Washington International Law Journal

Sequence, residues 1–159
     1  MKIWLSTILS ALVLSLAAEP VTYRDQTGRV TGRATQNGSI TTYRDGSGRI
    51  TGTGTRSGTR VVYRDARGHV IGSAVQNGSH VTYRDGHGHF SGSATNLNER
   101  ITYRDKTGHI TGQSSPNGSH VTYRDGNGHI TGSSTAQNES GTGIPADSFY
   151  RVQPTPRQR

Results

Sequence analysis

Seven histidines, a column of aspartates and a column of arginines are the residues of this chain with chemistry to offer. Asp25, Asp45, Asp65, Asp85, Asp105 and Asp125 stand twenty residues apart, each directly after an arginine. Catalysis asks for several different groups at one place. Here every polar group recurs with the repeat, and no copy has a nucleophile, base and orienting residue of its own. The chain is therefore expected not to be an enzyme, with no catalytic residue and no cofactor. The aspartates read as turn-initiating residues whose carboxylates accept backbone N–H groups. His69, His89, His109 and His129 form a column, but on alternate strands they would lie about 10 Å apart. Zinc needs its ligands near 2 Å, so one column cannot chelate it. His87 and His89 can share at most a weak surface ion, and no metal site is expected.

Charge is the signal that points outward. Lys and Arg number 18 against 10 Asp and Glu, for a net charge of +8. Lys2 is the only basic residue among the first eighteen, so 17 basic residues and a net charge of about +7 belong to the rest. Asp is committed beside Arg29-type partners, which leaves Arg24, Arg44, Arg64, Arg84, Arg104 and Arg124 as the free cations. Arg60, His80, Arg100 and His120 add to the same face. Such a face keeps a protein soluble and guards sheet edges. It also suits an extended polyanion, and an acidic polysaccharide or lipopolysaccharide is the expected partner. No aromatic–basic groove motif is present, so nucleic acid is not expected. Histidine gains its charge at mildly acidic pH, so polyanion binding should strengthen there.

In many countries today, including the Southeast Asian nations of Indonesia, Malaysia, and Singapore, governments regulate some aspects of Muslim life according to Islamic law. The administration of Islamic law in these states is carried out by modern courts that are structured differently and staffed by different types of figures than were earlier institutions for the implementation of Islamic law. Prior to the modern era, courts tasked with the job of resolving cases according to Shari‛a were staffed by judges with a particular type of training, and litigants appearing before these judges were generally not represented by a specialized class of lawyers. In the modern era, Shari‛a courts have undergone radical changes in many countries. Modern Shari‛a court judges are trained to find Islamic rules of a decision in ways that differ significantly from that of classical jurists. To varying degrees, these judges are also taught to apply Shari‛a law in a manner similar to that of judges who apply non-religious law outside the Islamic court system. At the same time decisions are rendered in an environment in which litigants who appear before these judges are increasingly coming to be represented by lawyers who advise on questions of law and procedure, advocate for them and appeal cases. These differences in both training and professional practice affect the way in which the court engages with the Islamic tradition and thus affects the way that Islamic law is interpreted and applied. This article argues for new attention to be paid to the educational backgrounds and professional practice of the judges and lawyers who work in Shari‛a courts to further our understanding of the practice of Islamic law in contemporary societies.

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